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The caravans were officially opened by Cllr Louise Gibbard, Swansea Council’s Cabinet Member for Care services.  She said: “Everyone loves a short break on Gower with its opportunities to enjoy brilliant scenery and fresh air.

“Now disabled young children and their families will be able to get a wonderful change of scene together rather than having to go on holiday separately, which has often been the case in the past.

“Working together with Action for Children, we’ve purchased the caravans near each other on a holiday site in Llanrhidian. They are fully kitted-out to make sure the children and their families get the best possible short break experience.

“Action for Children, who already do a lot of great work supporting children with disabilities and their families, will operate the caravans and assist the families while they’re there.

“It’s a really good, new initiative and it’s great to see this kind of partnership between the council and Action for Children delivering the best for our community’s disabled children and their families.”

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Cllr Gibbard (top right) with the Action for Children and Swansea Council teams who made it happen (Image: Action for Children)
Shaun and Natalie with their son, Leo at the caravan launch (Image: Action for Children)

Caroline Lewis, Action for Children’s short breaks practice manager, said: “Our families face very difficult challenges every day and we are delighted Swansea Council has worked with us to provide these wonderful facilities.  The caravans will provide a much-needed break in beautiful surroundings with fully accessible amenities for children with disabilities.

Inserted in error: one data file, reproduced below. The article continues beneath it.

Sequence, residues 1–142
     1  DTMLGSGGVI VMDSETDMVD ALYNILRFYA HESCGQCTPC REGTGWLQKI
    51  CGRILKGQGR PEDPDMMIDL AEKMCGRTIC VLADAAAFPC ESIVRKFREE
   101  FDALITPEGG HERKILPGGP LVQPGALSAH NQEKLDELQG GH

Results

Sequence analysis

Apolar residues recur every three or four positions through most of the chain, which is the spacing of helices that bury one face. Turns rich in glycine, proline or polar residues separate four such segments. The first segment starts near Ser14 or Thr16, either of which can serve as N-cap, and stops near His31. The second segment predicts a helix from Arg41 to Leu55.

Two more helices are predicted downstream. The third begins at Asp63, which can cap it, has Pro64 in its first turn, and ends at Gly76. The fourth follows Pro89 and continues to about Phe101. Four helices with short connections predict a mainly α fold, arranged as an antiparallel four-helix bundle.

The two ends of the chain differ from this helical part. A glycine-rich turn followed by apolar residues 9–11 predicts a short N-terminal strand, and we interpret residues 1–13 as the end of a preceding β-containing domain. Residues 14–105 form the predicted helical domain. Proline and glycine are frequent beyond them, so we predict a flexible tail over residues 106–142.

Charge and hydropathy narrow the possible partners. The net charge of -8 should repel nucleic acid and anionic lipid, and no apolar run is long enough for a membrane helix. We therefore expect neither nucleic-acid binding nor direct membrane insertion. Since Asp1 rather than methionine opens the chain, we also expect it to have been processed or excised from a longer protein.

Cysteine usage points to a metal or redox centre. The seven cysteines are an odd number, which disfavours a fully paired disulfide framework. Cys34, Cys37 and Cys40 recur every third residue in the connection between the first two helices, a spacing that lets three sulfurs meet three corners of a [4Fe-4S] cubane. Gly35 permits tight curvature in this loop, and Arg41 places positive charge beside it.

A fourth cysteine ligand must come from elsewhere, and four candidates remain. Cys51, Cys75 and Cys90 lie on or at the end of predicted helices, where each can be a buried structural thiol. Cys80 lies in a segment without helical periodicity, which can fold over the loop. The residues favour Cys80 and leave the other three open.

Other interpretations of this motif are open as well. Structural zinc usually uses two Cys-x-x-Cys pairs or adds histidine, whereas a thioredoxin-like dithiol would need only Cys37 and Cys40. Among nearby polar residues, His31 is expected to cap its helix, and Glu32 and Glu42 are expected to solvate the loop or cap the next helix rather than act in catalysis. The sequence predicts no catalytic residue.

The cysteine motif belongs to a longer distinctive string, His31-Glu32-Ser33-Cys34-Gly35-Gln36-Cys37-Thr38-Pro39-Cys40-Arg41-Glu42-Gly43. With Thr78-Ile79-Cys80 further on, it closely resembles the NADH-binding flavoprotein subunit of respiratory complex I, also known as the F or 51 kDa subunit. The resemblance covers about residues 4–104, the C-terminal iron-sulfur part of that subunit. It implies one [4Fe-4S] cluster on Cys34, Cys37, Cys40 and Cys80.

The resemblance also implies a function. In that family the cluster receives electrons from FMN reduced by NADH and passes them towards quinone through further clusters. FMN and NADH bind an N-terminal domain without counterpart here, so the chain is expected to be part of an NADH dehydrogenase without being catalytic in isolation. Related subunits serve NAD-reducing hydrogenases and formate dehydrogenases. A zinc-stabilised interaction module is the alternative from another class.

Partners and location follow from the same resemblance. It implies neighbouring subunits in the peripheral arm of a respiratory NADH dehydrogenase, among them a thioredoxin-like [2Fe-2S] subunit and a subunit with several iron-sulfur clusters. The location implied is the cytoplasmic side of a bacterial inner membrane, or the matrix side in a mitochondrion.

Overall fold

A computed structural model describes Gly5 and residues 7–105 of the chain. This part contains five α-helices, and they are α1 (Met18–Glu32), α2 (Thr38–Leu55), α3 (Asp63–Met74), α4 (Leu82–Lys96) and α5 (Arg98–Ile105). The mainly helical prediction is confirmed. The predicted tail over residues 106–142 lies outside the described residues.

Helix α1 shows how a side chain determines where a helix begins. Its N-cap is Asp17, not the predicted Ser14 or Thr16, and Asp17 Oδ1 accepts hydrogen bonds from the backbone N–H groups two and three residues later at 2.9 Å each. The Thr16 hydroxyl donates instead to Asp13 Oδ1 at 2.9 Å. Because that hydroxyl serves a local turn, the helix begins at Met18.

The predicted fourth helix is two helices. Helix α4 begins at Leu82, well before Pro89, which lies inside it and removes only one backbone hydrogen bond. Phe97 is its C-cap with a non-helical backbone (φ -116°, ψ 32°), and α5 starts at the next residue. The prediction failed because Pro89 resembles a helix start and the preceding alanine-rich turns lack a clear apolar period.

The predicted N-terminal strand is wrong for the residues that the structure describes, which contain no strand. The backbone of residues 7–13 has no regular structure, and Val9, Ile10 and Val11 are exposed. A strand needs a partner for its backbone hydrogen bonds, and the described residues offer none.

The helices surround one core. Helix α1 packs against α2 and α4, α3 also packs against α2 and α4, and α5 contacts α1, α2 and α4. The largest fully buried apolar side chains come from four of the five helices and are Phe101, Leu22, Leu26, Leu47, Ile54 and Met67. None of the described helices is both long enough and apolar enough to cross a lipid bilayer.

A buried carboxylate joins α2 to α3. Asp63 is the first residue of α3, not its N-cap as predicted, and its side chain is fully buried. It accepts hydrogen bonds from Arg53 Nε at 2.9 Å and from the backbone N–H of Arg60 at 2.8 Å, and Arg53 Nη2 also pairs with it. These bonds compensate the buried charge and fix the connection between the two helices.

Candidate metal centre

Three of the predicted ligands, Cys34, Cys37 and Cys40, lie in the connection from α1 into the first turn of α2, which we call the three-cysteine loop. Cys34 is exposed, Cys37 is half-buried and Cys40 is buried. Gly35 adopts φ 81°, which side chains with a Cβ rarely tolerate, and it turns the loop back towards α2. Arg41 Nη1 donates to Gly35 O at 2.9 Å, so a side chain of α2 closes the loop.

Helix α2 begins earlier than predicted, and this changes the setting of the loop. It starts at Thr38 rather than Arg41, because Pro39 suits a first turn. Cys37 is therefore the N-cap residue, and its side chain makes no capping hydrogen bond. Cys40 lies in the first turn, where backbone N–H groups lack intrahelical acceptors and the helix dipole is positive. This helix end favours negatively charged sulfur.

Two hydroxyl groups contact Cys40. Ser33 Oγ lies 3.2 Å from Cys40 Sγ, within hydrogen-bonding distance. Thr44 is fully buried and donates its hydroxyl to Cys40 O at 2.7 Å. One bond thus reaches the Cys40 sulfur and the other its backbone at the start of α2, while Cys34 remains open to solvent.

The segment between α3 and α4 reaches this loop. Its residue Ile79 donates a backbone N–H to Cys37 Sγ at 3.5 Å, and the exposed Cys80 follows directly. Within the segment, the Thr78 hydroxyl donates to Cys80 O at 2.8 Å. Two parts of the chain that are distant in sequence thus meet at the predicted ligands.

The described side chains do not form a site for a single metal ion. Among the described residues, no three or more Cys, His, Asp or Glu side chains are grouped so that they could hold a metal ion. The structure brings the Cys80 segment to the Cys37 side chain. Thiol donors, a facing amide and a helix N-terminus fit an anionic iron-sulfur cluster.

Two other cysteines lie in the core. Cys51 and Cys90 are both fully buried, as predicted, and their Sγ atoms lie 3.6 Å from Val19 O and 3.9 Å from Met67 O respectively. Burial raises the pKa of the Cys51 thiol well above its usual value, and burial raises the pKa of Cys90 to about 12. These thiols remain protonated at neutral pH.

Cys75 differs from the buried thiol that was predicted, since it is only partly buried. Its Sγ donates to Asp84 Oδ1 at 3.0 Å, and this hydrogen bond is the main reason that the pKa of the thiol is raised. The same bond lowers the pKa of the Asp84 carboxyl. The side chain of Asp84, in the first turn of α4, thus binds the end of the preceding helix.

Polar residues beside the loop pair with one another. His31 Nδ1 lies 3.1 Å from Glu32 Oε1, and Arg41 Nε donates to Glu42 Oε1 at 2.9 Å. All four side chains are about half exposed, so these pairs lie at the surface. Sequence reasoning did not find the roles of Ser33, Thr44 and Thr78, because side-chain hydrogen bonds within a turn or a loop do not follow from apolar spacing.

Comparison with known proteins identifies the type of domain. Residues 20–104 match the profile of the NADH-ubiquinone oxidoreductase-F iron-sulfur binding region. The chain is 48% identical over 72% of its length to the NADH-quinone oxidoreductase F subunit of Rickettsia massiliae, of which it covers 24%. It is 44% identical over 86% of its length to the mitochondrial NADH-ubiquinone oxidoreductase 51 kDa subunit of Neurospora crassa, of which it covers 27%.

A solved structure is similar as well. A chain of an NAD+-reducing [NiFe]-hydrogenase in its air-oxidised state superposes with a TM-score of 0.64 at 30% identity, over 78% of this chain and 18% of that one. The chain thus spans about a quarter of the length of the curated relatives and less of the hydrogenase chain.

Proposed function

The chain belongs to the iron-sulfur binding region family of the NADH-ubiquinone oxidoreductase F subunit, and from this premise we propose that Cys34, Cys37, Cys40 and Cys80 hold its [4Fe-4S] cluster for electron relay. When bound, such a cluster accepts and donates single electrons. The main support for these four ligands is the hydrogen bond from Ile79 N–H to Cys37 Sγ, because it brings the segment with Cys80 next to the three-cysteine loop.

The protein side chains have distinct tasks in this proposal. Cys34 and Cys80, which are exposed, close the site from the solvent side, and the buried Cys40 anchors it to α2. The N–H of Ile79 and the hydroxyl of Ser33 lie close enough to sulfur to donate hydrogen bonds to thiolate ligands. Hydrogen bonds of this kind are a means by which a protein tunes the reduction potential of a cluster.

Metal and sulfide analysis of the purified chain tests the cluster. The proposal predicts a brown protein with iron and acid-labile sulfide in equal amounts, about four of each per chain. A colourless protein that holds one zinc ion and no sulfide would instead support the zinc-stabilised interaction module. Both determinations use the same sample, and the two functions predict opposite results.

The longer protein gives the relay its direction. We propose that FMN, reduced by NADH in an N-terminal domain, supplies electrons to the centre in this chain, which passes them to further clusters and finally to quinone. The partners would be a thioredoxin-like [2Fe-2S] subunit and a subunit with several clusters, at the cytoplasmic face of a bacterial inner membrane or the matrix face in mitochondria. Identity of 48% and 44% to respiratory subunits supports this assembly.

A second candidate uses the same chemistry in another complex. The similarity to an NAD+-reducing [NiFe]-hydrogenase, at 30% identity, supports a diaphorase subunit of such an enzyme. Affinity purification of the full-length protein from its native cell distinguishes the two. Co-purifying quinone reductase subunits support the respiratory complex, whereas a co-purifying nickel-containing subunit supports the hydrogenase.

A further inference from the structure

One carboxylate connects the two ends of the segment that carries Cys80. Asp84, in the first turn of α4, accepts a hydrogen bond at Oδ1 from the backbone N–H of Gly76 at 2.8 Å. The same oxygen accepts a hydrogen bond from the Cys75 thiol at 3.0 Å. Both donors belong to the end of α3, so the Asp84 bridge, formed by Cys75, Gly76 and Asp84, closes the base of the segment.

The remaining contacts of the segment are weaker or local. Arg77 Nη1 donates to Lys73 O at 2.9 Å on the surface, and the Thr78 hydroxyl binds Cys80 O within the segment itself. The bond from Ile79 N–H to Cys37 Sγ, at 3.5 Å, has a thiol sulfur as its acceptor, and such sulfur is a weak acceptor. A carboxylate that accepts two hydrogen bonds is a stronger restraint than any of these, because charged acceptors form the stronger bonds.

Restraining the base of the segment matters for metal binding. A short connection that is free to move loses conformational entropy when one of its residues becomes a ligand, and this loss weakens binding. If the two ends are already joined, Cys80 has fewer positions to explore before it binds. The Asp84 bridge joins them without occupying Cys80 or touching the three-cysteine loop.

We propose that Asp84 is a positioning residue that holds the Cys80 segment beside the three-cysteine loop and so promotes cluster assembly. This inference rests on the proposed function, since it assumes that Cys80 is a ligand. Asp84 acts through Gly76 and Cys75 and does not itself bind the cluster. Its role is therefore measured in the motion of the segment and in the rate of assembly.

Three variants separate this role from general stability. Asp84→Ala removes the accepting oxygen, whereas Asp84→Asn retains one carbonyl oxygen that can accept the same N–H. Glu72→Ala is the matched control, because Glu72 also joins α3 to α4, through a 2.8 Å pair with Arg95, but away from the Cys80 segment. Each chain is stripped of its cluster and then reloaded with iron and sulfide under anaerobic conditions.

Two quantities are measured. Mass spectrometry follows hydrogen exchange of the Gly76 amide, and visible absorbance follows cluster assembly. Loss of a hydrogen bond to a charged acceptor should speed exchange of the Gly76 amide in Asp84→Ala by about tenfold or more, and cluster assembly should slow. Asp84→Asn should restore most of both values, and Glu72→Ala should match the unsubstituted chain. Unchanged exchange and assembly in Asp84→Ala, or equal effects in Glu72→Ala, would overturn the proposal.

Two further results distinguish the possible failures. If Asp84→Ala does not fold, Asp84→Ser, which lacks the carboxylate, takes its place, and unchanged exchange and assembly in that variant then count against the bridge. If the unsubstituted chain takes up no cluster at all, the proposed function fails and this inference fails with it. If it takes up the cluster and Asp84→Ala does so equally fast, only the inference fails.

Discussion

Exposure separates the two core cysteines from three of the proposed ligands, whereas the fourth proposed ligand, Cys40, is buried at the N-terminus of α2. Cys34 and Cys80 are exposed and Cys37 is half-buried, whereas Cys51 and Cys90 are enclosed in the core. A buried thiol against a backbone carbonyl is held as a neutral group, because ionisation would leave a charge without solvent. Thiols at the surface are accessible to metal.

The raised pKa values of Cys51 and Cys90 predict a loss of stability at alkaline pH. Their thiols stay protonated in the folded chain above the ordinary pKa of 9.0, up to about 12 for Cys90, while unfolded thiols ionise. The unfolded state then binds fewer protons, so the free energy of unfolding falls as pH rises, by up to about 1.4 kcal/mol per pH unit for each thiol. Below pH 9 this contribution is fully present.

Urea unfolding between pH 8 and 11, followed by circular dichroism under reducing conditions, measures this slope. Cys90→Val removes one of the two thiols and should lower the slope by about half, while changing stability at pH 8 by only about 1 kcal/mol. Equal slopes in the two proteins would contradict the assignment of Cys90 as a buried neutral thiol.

Caroline added: “The value of a break from your everyday routine is priceless and I’m sure our families will relish all the Gower has to offer and make lovely new memories.  We are very grateful to Swansea Council for their incredible support and generosity in making this happen.”

(Lead image: Action for Children)

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Reverend’s grand gesture to team that performed life-saving surgery

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A retired reverend geared up for a challenge by cycling 100km to raise funds for the Morriston Hospital surgical team he says saved his life.

Aled Williams underwent a five-hour operation at Morriston Hospital in November 2019 after an abdominal aortic aneurysm (AAA) was detected.

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Less than three years later he was back at the hospital but for a much happier reason – to present a cheque for £1,000, which will be put towards training surgeons of the future.

An AAA is a bulge or swelling in the aorta – the main blood vessel that runs from the heart down through the chest and abdomen.

It can be dangerous if not detected early. It can get bigger over time and there is a risk it will burst, causing life-threatening bleeding.

AAAs do not usually cause any obvious symptoms, and are often only picked up during screening or tests carried out for another reason.

That was the case with Mr Williams, who was asymptomatic and whose diagnosis came purely by chance.

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He said: “The process began when I read a newspaper article regarding an AAA Screening Programme which was being run by Public Health Wales for men of 65-plus.

“I took the initiative, rang the office in Swansea and was immediately offered an ultrasound scan at my local surgery in Lampeter, where a medium-sized AAA was detected.

“The monitoring of my condition then continued on a three-monthly basis for the ensuing three years or so, until the aneurysm had developed into a large one in August 2019.

“I was then strongly advised to undergo an operation to remedy the situation.”